July 28, 2009
As I've noted several times before, I'm no golfer, despite owning golf clubs and having played for years. I do enjoy it, but boy, am I bad. So, it should be no surprise that I didn't play super well yesterday when I teed it up at Newcastle Golf Club with my friends Chris and Kevin. Fortunately, it was yet another perfect Seattle summer day and the company was fun. Actually, despite the fact I was playing with Chris' old clubs for the first time (mine are in China), I hadn't really played in two years, and it's been a long time since I've played the Coal Creek course (excuse, excuse, excuse), I played surprisingly well (for me) -- at least I didn't hit myself or anyone else.
Like many golfers, I decided I would enjoy the game a lot more with a few drinks; the cute and very chatty cart girl was more than happy to mix some killer Bloody Marys up to ease my golf suffering. An Old Fashioned in the club house afterwards topped it off. Then, our families joined us for a birthday brunch for Kevin. Very, very nice...
Me with the stunning views of Lake Washington and downtown Seattle in the distance.
Mommy and Bambi loping across the course. I managed to avoid hitting them.
Kevin with his birthday treat.
Our friend Barbi took the whole family and our mutual friend Kellie out crabbing this weekend on her little speed boat. We put the boat in at Camano Island State Park and motored up the west side of the island on a lovely afternoon. We picked (somewhat arbitrarily) a spot to test our luck. We assembled the two traps, baited them with chicken legs, and then tossed them into the water, hoping to lure a few of the yummy Dungeness crabs in.
After an hour or so of waiting (which we filled with a great picnic lunch Michelle prepared, some fishing, and some lazy conversation), we went back to our buoys and pulled up the traps.
We had a pretty lucky day -- crabs in each trap! We pulled out the keepers (at least 6.25 inches across and male) and reset the traps. We did this a few times (with the intervals between checking going down over time...) We wound up taking nine crabs and a bucket of seawater back to the beach with us.
Here's Andrew helping tie down the traps on the foredeck.
We pulled the boat out, cleaned the crabs on the beach, and then cooked them right there at the park in the seawater. Seven minutes later, they came out of the water perfectly done.
We scarfed down crab after crab, pausing only long enough to wash them down with cold beer. It was gluttonous and luxurious is a way that no five-star meal could ever be. I've never tasted a sweeter, more delicious crab (or three) in my entire life. Here's Barbi happily slurping her crab down as she chucks the shells into the tall grass.
The boys ate a little crab too, but they were happiest building driftwood shelters on the beach and enjoying their ice cream bars. Something for everyone I guess.
It was really one of the most memorable meals of my life (and I've had a lot of fantastic meals as you probably know...) I love Washington and our generous friends!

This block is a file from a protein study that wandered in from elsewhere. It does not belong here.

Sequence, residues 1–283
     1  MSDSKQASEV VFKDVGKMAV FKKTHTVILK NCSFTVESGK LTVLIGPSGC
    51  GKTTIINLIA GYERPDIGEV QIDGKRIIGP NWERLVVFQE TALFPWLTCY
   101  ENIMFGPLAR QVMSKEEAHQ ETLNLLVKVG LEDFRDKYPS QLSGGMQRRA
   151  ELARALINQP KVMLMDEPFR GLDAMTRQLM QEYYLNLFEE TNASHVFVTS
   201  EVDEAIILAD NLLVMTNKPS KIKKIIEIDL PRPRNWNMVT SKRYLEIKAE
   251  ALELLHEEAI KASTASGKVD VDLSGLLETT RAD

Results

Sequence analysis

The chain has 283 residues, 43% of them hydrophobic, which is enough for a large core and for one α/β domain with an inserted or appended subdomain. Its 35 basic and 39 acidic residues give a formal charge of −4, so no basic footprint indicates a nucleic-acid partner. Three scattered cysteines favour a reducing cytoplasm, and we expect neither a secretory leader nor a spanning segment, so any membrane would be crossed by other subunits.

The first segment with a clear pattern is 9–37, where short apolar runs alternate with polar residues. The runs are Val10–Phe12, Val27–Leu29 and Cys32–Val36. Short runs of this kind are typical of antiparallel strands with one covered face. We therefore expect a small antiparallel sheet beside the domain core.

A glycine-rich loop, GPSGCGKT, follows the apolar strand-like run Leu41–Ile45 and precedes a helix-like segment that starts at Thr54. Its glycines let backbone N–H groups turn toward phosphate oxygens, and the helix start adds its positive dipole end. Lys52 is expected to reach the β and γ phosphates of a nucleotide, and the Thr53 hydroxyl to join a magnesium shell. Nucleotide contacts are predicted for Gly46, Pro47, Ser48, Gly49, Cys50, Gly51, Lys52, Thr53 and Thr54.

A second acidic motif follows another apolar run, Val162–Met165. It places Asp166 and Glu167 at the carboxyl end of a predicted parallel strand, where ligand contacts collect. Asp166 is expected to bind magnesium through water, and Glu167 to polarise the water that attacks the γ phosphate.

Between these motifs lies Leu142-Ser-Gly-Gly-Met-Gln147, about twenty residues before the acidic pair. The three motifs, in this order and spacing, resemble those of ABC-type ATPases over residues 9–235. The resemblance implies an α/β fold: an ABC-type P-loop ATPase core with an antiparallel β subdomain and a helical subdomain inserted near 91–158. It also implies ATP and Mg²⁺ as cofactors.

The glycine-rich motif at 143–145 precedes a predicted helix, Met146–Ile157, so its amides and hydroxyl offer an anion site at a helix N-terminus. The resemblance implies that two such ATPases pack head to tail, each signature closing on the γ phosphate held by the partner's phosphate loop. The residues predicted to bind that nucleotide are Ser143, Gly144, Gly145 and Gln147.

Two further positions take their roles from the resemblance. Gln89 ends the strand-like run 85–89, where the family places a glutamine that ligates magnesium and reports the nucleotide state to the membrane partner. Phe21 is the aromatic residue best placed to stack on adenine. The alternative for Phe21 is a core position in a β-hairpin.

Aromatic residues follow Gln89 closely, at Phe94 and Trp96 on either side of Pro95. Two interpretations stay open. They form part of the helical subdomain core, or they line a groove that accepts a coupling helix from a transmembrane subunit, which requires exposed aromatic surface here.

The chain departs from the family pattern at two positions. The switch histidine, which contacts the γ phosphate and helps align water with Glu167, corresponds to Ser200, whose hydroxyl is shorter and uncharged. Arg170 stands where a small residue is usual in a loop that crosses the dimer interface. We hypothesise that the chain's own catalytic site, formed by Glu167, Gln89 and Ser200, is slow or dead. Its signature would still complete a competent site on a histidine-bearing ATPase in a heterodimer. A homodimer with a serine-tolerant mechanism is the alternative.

Last Friday, I took Andrew (12) and Michael (9) to see the Mariners play the Indians at Safeco Field. We were there with our friends the Shirouzus, who are huge baseball fans. Even though the M's were blown out 0-9, I really enjoyed the evening. I forgot how much I like going to see baseball games live.
It was a very lovely evening -- not cold at all. You can see the Seattle skyline behind the stadium, bathed in the beautiful sunset colors.
Their son (and Andrew's classmate in Beijing) made a sign that they waved around between innings; alas, they were never picked up by the scoreboard cameras.
Of course, my kids were more excited about the free application Nintendo (part owners of the Mariners) made for the Gameboy DS; you can install it from stations all around the stadium. It's a pretty cool wireless app that allows you to see replays, watch where the pitches go, order food at your seat, see the stats from other games, view player stats, and play sports related games against other people in the stadium.
All in all, it was a great evening.
While we were at our friends' cabin near Bremerton, we watched a trio digging for geoducks. For the uninitiated, a geoduck is a huge clam-like animal with a gargantuan siphon which can grow up to a meter long. Although they are ugly, they are very tasty. (If you like sushi, you may know them by their Japanese name - mirugai.) As a result, people are willing to work pretty hard to get them.
They bury themselves pretty deep in the sand with their siphon sticking out the ground a little to breathe. Once in a while, they squirt water out like this:
Once you spot this, you dig like crazy into the mucky sand. Once you get a few feet deep, you need to keep the sand from collapsing into the hole, so you use a big pipe (really a sheet of plastic or thin metal rolled into a tube. Then, you reach into the tube and keep digging (these guys were using a little bowl for the last bit of digging.)
Finally, you can pull the geoduck out of the dirt and claim your prize. This is apparently a pretty small geoduck.
Last week, the Shirouzus, friends of ours from Beijing who grew up in Seattle, invited us out to their family cabin near Bremerton, Washington (west of Seattle, on the other side of Puget Sound). We enjoyed a perfect Seattle summer day -- warm, sunny, and lazy.